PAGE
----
He lifted up his eyes and looked at his disciples, and said: “Blessings on the poor: God’s kingdom belongs to you!”
“…But woe betide you rich: you’ve had your comfort!”
• Luke 6:20, 24 (KNT)
• • •
Wednesdays with James
Lesson Seven: The Great Reversal
Today, we look at the third and final of the opening paragraphs in the Epistle to James. It introduces the third main theme in the letter.
- The first had to do with testing and how believers should view life’s troubles.
- The second had to do with wisdom and how believers should ask God for it to get perspective on their trials.
- The third has to do with poverty and wealth. This is the specific context in which James’s readers were experiencing trials.
Brothers and sisters who find themselves impoverished should celebrate the fact that they have risen to this height— and those who are rich that they are brought down low, since the rich will disappear like a wildflower. You see, the rich will be like the grass: when the sun rises with its scorching heat, it withers the grass so that its flower droops and all its fine appearance comes to nothing. That’s what it will be like when the rich wither away in the midst of their busy lives.
• James 1:9-11 (KNT)
When Luke records Mary singing her Magnificat (Luke 1:46-55), he has her channeling Samuel’s mother Hannah, whose song in 1Samuel 2 anticipates the ultimate victory of God’s Kingdom and its humble inhabitants over the mighty and proud who oppress them.
Their “gospel” songs speak to the history of Israel and tell a story about communities, nations, kings, conquerors, judicial systems, slaves and masters, exile and devastation, and the corruption that power, riches, and idolatry bring upon the world, marginalizing those outside the inner circles of influence and trampling the human dignity of those who have little or no say in society. The powers that now rule the world are being overthrown! This is the Gospel according to Mary and Hannah.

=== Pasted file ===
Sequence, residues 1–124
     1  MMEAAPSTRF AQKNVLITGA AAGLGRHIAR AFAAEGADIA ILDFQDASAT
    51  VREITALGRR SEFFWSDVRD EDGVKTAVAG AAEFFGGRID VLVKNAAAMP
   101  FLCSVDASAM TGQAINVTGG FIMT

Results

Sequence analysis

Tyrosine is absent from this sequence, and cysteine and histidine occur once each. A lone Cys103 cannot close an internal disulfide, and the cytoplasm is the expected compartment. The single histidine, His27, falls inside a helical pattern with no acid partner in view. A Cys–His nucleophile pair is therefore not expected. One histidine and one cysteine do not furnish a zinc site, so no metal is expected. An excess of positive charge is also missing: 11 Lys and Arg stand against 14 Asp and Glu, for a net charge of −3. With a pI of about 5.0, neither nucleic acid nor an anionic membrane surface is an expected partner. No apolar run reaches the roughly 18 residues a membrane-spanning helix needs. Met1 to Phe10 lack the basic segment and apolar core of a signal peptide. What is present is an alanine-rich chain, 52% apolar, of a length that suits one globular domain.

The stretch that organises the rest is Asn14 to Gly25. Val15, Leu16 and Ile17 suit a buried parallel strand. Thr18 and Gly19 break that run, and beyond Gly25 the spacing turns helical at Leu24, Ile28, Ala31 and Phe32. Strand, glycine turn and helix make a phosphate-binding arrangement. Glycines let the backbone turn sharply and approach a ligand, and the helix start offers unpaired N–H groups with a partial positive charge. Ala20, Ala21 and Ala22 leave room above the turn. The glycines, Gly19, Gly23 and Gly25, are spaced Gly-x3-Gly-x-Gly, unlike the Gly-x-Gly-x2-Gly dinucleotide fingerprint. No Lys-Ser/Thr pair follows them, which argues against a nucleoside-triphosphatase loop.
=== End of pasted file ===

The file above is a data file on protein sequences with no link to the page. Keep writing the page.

In his Beatitudes, Jesus reinforces this perspective.
James, writing to Jewish Christians “in the dispersion” (1:1) — that is “exiles” in vulnerable communities outside Jerusalem and perhaps Palestine itself, applies this viewpoint to their situation. As the Epistle proceeds, we will learn more details about their circumstances, but here in 1:9-11, he reflects Jesus’ teaching (especially as portrayed in Luke’s Gospel) about “The Great Reversal” that takes place with regard to rich and poor, powerful and oppressed when the Kingdom of God takes root. This was the vision of the Hebrew prophets, culminating in the triumph of a crucified Savior over the empire that put him to death.
Some have called this, “The world turned upside down.”
Neither Jesus nor James is saying that God loves the poor and hates the rich. God loves all people and wants all to be saved, forgiven, and renewed. But they are addressing the fact that people live in a world characterized by unjust power structures. The rich and powerful gain status by stepping on the little guy and girl. The system is rigged so that it is easier for people and institutions with wealth and influence to get their way. The poor and humble, who lack their resources and connections, find it almost impossible to fight the system.
These prophetic voices look to a day when the playing field is leveled. The rich will be brought down. The poor will be lifted up. The scales of justice will be balanced. The power structures will be adjusted so that everyone has a fair chance. Oppression will cease. Justice and peace will cover the earth.
See, a king will reign in righteousness,
and princes will rule with justice. (Isa. 32:1)
When the prophets taught like this, when Jesus proclaimed this good news, when James applies it to his readers, all of them do so not simply to cast a light on the future. After Isaiah’s initial vision of a righteous Kingdom being established in the world, he then says this:
O house of Jacob,
come, let us walk
in the light of the Lord! (Isa. 2:5)
The vision of a future realm of justice and peace is meant to inform the way we live in the present, motivating us to seek justice as individuals and communities today. Those who are poor, oppressed, and marginalized should take hope and courage in knowing that Jesus is with them to lift them up. Those who take advantage of others and push them around to gain advantage for themselves should know that God does not approve and will not give his blessing to their behavior.
Wednesdays with James